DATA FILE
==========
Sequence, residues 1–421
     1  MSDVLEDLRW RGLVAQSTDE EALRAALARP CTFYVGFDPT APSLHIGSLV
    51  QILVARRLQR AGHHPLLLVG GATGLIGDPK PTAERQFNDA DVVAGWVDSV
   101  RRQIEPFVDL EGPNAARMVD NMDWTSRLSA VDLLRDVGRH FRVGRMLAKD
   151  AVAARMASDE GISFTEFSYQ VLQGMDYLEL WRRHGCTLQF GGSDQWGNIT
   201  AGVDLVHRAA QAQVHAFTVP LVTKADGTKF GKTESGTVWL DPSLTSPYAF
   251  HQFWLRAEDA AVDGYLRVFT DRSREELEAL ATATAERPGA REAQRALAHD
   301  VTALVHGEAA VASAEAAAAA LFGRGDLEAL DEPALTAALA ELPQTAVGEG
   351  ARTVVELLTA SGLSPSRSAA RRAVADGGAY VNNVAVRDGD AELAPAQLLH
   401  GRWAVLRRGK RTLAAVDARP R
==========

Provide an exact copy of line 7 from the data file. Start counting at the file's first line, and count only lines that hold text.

   251  HQFWLRAEDA AVDGYLRVFT DRSREELEAL ATATAERPGA REAQRALAHD